Asian consumers are known to be the biggest users of face masks. Masks are a part of their regular skin care routines. Asian consumers are the key target audience. However, they are also among the most challenging consumer base when it comes to sustaining consumer interest, especially since the face mask has effectively penetrated their beauty regimes. To overcome this, beauty brands are increasing their investments in product development to launch innovative offerings that will stand out in the saturated market.
Diversifying to be Different
With the face market getting more crowded, differentiation has never been as important and inevitable for manufacturers.
- Formularies with actives drawing inspiration across all cosmetic categories, as well as food and pharmaceutical industries and forms delivering novel sensory feelings
- Substrates varying in material sources, fibres/structures, and shapes
- More specific/segmented claims in terms of application occasions and target groups
Among all types of masks such as sheet, clay, gel, cream, and even spray/foam, sheet masks have been dominant—in both market share and growth rate—ever since they entered the market nearly a decade ago. The popularity of these products is expected to be maintained in the near future, largely due to increased diversification, from formulary to substrate. For the former, whether it is emulsions, gel or suspensions, the differentiation lies largely in ingredients, particularly the actives. For the latter, fibre/fabric plays a vital role as the sheet substrate is moving beyond simply acting as a carrier to enhance or complement the skin care benefits of the formulary.
Many of the available face masks use low-end ingredients and were found to contain ingredients such as topical steroids, fluorescent brightening/whitening agents, and preservatives. Many of these products were found to contain 6,000 times the level of topical steroids permitted by domestic law.
Topical corticosteroid, especially fluocinolone, has attracted particular attention since then. It is known that the excessive use of the steroid could cause serious side effects such as subsequent dependence. When it comes to skin applications, such steroids are only allowed to be prescribed by doctors to treat inflammation such as eczema and allergies. Their uses in cosmetics have never been legally allowed. Along with topical steroids, fluorescent brighteners (or fluorescent whitening agents) have also caused great concern among face mask users in China, due to a possible carcinogenic effect upon continuous usage. Another concern involving face masks is the use of preservatives and moistened face masks as a cultural medium for bacteria.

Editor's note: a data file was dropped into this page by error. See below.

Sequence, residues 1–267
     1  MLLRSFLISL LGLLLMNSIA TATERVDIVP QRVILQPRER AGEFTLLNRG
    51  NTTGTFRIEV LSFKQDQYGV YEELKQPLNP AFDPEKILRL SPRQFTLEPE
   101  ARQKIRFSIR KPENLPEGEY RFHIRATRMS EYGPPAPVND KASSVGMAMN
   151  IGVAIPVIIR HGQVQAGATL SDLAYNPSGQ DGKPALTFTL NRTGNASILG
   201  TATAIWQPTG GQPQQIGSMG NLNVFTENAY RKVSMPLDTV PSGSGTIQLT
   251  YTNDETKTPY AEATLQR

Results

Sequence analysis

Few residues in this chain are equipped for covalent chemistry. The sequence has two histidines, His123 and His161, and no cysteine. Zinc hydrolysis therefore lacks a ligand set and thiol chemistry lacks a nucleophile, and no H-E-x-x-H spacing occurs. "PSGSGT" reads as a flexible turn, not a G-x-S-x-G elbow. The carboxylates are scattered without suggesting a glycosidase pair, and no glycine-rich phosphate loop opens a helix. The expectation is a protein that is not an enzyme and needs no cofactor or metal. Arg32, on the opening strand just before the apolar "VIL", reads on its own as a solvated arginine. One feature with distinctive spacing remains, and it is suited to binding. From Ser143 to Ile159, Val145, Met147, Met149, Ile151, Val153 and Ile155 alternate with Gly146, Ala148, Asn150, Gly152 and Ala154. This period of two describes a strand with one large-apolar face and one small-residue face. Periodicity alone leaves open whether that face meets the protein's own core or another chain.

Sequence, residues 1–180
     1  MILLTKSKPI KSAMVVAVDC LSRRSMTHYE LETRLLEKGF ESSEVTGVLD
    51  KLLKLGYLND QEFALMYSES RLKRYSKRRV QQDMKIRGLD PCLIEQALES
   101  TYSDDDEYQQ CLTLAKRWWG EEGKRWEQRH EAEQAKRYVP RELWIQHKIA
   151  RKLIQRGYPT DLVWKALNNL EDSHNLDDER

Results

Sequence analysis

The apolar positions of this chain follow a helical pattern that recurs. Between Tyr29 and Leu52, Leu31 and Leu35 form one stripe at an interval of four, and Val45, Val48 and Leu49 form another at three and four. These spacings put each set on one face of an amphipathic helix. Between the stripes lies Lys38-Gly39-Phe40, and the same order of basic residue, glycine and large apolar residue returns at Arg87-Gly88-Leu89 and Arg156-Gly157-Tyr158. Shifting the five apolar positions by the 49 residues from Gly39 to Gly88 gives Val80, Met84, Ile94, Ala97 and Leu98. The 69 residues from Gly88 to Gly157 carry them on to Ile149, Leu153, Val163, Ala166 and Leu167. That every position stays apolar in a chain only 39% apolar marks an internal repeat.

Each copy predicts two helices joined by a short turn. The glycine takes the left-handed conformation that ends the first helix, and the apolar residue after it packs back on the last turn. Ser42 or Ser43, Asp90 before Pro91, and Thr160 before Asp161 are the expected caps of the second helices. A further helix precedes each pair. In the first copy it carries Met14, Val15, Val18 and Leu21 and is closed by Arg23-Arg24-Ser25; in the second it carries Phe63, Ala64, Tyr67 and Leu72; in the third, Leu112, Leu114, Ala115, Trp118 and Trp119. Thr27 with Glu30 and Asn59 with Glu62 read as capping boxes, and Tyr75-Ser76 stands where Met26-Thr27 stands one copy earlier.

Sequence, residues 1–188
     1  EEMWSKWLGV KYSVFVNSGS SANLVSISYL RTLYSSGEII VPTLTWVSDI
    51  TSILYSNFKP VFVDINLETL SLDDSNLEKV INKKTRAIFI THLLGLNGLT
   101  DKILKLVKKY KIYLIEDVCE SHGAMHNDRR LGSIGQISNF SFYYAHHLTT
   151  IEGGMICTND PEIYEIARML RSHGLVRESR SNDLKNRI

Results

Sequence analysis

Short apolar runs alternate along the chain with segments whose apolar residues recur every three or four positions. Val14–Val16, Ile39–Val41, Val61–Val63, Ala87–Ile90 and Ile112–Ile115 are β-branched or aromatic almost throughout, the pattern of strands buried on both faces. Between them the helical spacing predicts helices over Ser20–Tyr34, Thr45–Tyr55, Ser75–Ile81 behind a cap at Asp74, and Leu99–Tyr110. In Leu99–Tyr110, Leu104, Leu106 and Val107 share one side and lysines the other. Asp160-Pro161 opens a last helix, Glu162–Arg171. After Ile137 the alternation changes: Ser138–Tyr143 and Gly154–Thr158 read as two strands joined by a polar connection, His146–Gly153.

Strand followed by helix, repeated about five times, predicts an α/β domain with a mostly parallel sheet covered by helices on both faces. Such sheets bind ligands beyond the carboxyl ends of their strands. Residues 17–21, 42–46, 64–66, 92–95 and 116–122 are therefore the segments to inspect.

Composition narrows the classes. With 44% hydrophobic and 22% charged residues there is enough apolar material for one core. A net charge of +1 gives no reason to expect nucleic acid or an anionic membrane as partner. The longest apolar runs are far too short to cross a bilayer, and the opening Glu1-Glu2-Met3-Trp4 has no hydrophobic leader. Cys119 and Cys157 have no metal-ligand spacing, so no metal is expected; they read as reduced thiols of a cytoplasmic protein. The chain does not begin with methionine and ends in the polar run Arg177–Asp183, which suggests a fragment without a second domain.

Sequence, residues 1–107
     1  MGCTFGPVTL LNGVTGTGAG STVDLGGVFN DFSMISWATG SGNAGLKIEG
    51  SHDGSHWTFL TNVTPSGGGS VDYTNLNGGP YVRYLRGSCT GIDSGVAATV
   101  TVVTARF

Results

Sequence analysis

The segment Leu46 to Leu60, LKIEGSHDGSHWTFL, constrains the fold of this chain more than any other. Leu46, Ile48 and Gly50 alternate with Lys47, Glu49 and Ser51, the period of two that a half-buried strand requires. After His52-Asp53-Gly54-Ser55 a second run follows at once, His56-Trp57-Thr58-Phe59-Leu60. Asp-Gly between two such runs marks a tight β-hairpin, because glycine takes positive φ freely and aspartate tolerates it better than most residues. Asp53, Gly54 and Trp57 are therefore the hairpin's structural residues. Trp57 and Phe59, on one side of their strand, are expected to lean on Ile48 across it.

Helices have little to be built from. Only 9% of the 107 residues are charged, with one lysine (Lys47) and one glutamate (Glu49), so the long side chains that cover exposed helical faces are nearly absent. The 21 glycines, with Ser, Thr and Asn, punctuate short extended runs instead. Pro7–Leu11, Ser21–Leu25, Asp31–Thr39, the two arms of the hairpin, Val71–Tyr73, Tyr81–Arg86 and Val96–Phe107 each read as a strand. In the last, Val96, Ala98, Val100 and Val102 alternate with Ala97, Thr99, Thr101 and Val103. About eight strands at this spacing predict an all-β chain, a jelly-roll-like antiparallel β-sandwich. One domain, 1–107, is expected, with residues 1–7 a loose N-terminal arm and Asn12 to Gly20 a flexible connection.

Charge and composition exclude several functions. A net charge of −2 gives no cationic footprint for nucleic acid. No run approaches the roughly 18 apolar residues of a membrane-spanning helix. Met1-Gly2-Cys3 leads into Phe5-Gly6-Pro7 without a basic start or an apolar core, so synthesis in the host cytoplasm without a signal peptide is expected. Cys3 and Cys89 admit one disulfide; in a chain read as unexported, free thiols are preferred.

Therefore, being fluorescent-free and preservative-free is increasingly becoming a point of differentiation for face masks.
While the Chinese Food and Drug Administration (CFDA) is now stepping up its inspection efforts on face masks, with microbiological safety being very closely monitored, brands find it is increasingly difficult to maintain the balancing act between their claims and quality.
The face masks market will continue to be vibrant. Currently, it does not show any signs of slowing down. Brand owners are considering innovation with ingredients, textures, and formats. The premium tag attached to mask offerings will play a big part in the coming years. Sustainability and awareness around environmental footprints will also impact decisions around packaging and the type of materials used in face masks.
- Brand Websites
- Nonwovens Magazine
Related Insights:View All
Get more stories like this
Subscirbe for more news,updates and insights from Beroe